think about it like this… he was probably not too far from the age you are now. imagine if something threatened E.S.’s life, you might scream at the nearest child too, knowing you were wrong to do so and that it wasn’t the child’s fault, but not able to control your terror and fury that life is so fragile in all cases, not just in the case of diabetics and their comas. aren’t we all deeply and quite reasonably furious that life will take everything we love from us, or vice versa, in the end?

    let it go, cupcake. let it go… it wasn’t your fault, it wasn’t his fault, it was nobody’s fault – it’s all part of the sad truth that ‘death life doth end,’ which makes anyone who loves anyone angry and sad.


  4. birdfarm says:

    Correction to the poem i misquoted in the previous comment: “all life death does end and each day dies with sleep.” (Gerard Manley Hopkins)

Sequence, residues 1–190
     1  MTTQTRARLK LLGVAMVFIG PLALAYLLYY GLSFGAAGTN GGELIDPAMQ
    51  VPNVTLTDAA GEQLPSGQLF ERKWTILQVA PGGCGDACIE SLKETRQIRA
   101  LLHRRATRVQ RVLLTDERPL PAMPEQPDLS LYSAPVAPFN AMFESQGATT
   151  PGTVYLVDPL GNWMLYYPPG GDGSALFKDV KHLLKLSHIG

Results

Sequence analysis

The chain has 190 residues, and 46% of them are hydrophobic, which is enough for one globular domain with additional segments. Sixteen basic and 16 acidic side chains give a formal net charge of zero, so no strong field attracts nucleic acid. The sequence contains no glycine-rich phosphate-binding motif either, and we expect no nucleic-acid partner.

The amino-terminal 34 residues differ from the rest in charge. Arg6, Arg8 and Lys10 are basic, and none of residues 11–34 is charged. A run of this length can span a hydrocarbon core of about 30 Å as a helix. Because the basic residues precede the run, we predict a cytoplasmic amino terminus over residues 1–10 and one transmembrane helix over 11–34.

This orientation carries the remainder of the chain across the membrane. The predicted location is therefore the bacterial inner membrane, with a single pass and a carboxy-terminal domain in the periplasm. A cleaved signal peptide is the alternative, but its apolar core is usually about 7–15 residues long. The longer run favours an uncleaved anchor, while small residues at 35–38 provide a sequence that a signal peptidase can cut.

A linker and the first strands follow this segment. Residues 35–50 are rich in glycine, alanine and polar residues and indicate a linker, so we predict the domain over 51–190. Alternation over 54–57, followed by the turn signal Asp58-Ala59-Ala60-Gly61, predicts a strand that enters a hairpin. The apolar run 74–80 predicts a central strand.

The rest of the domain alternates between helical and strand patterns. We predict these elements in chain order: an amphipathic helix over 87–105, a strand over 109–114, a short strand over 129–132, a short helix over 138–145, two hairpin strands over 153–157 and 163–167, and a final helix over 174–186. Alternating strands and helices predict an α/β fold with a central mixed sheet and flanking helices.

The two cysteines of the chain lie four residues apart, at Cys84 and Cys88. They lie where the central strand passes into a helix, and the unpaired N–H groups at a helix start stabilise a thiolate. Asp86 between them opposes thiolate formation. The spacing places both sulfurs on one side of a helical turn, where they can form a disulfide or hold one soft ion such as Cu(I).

5. Dan says:

    It’s kind of funny that this post would show up the same time as The Chocolate Show is winding down.

  6. TED says:

    Wow. Hersheys? You’d think that if you were going to risk your mother’s health, it’d be for Valrhona, or at least a Lindt bar.

  7. Esther says:

    I almost got out of bed in the middle of the night to respond to this because I couldn’t get it out of my head. But I didn’t know what to say in a couple of lines that would be enough. It warrants an entire email. But if this is all I have, then I need to remind you did not kill your mother, that your father has obviously long forgiven you and loves you very much, and it’s time to forgive yourself for giving in to the temptation of eating a candy bar that had been sitting on top of the fridge for months – whatever the reason it was there. Had you been a seasoned babysitter, you would have known to never eat the last of anything; always leave half of whatever you find that you absolutely must have right now. Please forgive yourself for just being a kid when you were just a kid.